Just in time for Thanksgiving, a meditation on the power of family, community and love from Chicago-based poet Malcolm London and filmmaker Caves for Heart Of The City TV, in collaboration with Irish graffiti artist Maser. It was posted to YouTube in December 2013 with this description:
Chicago met Dublin a little over a month ago when we linked with Malcolm London and renowned Irish graffiti artist Maser for their “Never Too Late To Love” collaborative mural. Today, we drop the visuals. Enjoy.
If you’d like to check out the mural go to La Baguette Bakery’s alley on 2109 S Ashland Ave (at 21st St).
I looked up Malcolm London today because he’s in the news, but unfortunately not in a good way: he’s one of five activists who were arrested by Chicago police last night for what sounds very much like the usual trumped-up bullshit used by American police to punish people for exercising their constitutional rights to free speech and assembly:
One of the five protesters arrested in the Loop in the hours after the release of the Laquan McDonald video is an aspiring poet who has garnered national attention and was one of the organizers of the march.
Malcolm London, 22, of the 4900 block of West Huron in the Austin neighborhood, was charged with aggravated battery to a police officer, a felony, after he allegedly struck a cop, according to the Police Department.
He faces the most serious charge of those arrested during the demonstration, which lasted for hours and briefly stopped traffic on the Eisenhower Expressway.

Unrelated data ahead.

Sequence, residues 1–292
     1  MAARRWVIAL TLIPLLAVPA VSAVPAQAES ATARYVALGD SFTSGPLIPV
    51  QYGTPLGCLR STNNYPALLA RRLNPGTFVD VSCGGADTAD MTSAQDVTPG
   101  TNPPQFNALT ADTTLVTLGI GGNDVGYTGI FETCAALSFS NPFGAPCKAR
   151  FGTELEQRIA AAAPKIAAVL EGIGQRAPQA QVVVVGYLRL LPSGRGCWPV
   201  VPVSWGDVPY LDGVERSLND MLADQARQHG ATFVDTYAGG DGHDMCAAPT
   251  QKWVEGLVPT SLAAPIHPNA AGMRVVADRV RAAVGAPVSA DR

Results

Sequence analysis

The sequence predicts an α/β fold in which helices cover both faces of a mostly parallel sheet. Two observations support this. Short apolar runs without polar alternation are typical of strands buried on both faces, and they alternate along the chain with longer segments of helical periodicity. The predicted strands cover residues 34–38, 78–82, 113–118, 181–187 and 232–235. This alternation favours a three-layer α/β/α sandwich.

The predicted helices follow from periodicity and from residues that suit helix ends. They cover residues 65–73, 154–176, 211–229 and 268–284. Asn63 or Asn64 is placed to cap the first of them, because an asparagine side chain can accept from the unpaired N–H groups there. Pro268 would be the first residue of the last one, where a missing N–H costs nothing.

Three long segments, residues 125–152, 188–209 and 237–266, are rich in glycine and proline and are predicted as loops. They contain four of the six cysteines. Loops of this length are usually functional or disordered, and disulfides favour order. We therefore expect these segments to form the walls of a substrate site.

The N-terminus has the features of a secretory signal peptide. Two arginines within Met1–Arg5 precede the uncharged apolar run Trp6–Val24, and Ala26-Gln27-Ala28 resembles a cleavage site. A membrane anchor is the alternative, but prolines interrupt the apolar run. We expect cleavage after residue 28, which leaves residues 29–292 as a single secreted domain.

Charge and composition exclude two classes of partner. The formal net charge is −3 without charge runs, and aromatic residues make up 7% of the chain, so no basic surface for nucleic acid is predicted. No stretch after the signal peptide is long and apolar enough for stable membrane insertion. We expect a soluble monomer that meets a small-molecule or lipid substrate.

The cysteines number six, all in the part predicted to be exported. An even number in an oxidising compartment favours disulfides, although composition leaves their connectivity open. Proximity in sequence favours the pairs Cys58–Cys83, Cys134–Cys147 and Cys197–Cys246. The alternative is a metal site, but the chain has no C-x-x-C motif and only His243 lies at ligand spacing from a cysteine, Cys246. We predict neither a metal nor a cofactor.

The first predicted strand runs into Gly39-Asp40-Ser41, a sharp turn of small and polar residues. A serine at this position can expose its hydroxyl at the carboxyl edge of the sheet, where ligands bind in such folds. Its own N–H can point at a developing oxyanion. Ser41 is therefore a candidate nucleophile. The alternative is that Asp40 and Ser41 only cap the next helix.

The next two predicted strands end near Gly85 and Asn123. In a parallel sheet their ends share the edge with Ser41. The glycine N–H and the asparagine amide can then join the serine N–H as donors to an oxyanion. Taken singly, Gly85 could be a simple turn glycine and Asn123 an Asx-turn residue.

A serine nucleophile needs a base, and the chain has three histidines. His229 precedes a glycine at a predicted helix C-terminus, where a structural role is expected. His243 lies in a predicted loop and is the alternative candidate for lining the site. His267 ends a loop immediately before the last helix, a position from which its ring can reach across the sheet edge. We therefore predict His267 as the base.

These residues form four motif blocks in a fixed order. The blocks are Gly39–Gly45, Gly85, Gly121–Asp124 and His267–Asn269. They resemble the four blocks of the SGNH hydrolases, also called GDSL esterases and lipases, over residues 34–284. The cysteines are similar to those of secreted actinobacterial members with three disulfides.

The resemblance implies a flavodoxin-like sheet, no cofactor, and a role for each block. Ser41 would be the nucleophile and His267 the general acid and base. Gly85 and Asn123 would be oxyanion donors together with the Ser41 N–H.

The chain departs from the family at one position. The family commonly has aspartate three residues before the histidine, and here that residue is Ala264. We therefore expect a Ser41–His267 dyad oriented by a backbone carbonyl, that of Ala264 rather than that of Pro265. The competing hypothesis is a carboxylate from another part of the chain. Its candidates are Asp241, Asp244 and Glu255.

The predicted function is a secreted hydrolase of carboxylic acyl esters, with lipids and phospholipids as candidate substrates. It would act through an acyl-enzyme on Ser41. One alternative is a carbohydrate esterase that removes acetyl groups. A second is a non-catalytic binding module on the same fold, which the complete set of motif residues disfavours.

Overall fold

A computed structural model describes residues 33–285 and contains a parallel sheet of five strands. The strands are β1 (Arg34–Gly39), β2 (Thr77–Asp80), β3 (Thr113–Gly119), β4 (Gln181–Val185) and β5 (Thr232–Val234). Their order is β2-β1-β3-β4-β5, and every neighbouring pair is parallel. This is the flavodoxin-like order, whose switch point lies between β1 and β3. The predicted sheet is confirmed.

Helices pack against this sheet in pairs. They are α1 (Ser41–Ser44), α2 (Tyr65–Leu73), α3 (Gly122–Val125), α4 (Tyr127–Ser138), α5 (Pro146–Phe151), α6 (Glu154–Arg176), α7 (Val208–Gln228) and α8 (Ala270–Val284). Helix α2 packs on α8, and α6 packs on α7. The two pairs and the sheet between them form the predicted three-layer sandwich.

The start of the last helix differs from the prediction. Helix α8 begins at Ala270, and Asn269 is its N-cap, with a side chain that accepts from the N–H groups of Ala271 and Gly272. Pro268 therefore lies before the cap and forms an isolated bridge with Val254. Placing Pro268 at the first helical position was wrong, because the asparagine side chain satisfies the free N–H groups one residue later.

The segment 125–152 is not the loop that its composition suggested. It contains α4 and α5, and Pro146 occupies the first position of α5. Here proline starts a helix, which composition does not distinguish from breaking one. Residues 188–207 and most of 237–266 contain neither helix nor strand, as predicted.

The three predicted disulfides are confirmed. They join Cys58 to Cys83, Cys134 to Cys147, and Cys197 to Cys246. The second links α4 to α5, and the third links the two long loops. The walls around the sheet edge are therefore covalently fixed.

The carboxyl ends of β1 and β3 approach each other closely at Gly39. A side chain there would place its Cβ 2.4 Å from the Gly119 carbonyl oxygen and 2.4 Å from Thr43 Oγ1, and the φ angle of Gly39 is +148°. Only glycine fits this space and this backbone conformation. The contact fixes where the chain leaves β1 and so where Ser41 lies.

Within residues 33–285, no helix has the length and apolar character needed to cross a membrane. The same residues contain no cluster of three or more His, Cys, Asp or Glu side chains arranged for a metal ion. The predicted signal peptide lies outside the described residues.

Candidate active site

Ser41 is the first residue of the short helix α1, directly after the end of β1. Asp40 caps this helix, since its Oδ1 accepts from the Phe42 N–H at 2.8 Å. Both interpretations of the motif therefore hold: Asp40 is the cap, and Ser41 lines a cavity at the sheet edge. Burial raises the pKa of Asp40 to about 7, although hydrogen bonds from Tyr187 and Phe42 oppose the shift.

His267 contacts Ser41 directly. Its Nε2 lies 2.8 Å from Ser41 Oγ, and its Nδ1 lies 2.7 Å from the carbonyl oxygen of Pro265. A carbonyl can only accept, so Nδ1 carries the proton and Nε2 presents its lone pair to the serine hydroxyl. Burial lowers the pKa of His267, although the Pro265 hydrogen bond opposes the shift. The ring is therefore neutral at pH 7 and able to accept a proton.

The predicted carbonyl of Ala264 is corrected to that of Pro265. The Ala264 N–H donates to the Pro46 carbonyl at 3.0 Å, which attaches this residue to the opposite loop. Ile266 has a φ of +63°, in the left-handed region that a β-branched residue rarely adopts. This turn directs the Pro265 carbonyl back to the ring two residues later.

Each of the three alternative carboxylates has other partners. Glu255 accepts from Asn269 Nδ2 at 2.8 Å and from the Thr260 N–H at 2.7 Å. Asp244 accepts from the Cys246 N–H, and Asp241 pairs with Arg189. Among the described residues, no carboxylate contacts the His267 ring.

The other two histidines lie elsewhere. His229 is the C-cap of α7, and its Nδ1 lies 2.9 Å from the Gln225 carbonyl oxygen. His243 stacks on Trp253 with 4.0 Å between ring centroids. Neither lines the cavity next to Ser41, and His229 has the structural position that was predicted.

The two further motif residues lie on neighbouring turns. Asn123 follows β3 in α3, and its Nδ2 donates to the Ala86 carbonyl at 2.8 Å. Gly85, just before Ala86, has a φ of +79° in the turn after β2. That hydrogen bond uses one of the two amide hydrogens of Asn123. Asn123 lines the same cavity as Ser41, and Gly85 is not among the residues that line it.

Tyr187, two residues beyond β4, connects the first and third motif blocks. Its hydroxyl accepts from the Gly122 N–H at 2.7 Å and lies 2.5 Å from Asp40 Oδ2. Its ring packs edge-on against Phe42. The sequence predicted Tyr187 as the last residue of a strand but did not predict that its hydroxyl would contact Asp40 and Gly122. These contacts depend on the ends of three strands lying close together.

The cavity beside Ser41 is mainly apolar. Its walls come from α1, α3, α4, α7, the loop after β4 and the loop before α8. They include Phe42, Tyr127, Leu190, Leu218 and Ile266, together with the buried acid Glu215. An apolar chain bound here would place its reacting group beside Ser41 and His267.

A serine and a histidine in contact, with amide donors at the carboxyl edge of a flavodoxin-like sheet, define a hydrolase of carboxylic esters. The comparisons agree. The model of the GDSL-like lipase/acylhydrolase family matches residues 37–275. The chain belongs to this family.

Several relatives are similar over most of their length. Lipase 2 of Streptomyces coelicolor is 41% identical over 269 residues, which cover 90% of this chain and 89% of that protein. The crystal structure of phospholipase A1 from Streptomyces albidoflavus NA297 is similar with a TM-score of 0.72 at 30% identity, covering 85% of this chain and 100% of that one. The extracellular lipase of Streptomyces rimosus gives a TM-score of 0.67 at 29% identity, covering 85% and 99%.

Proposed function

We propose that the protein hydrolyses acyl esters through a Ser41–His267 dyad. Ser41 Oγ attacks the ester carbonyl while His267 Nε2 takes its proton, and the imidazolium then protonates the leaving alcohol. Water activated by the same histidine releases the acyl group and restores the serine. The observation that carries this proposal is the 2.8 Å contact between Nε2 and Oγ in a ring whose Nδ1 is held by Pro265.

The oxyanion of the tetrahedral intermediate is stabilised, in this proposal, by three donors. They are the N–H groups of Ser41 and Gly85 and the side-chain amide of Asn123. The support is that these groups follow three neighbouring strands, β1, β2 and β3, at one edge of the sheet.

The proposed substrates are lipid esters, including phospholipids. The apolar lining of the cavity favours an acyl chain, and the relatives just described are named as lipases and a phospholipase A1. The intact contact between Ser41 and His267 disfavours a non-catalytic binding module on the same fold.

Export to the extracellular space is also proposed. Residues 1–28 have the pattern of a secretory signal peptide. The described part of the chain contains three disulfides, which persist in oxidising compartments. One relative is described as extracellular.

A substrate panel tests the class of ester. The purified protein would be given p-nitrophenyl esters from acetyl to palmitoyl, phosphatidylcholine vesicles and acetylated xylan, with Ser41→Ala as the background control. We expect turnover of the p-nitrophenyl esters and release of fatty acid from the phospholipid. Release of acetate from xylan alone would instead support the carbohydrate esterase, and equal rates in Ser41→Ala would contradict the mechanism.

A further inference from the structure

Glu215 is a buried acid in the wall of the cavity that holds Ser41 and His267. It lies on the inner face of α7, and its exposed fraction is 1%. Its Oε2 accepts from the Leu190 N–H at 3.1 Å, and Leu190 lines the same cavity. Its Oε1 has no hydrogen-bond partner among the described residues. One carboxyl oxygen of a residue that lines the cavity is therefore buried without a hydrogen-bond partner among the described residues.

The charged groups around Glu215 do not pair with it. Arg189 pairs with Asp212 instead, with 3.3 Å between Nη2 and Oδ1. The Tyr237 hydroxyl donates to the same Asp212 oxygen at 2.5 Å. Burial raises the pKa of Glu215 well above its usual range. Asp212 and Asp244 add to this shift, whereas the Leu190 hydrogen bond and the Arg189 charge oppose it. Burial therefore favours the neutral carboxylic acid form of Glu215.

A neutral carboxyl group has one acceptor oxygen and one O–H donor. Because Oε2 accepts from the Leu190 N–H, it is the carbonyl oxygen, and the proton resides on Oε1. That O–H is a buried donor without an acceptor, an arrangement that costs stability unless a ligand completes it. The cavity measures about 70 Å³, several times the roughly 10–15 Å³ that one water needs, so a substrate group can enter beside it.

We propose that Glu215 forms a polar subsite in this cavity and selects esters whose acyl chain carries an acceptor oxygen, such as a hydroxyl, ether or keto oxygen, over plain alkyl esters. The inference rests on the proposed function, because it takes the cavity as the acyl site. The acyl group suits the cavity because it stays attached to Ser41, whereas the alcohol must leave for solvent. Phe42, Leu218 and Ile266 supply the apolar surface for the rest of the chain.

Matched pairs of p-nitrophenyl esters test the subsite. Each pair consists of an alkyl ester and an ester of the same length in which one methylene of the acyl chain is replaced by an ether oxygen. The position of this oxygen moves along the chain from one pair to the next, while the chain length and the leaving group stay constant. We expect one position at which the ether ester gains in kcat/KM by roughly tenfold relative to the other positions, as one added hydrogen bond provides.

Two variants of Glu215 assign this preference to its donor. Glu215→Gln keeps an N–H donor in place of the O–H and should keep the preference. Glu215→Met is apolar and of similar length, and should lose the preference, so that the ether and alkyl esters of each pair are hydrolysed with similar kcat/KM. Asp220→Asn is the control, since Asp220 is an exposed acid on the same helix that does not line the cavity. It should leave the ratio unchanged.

London is accused of striking an officer in the 100 block of East Balbo Drive as police blocked protesters from marching across the bridge. He is scheduled to appear in bond court later Wednesday.
Supporters have created a Free Malcolm London hashtag and have urged people to call police to demand that he be released.
“He was just standing there and the police snatched him up,” tweeted the Black Youth Project 100, which organized Tuesday night’s march. London is listed as a co-chair of the organization’s Chicago chapter.
London is a member of the Young Adult Council of the Steppenwolf Theater and appeared on PBS for a TED Talk with John Legend and Bill Gates. In 2011, he won the Louder Than A Bomb youth poetry slam in his Chicago, according to a biography on his website.
In 2012, just graduated from Lincoln Park High School, London talked to the Tribune about growing up in Austin and how it affected his work.
“There are a lot of kids like me in places like this, places kind of pushed into the shadows by the people who run this city,” he said. “We have stories to tell, stories not told in the news and media. I am getting the chance to tell mine, and others can too.”
In September of that year, he made his national television debut in “Verses & Flow,” a series that features musical and poetry performances.
(Read the rest.) Three of the five activists are charged only with “resisting police officer,” which is one clear sign that this is B.S. Follow the #FreeMalcolmLondon hashtag on Twitter for updates. Please consider helping Malcolm and the other arrested activists raise money for their bond so they can get home for Thanksgiving. And be sure to visit Malcolm’s website for more videos of him performing his poetry.
UPDATE (25 Nov., 7:56 PM): The charges against Malcolm London were dropped and he was released this afternoon.
[A]fter an outcry from fellow activists, who said London did not hit an officer and was standing peacefully when he was targeted by police and arrested, the charges against London were dismissed Wednesday afternoon.
An eight-part series (vimeo.com/channels/972301) on representations of perception and sensation made for fundamentalsofneuroscience.com. “Both artists and scientists strive, even if in different ways, toward the goal of discovering new uniformities or lawful regularities.” Hermann Helmholtz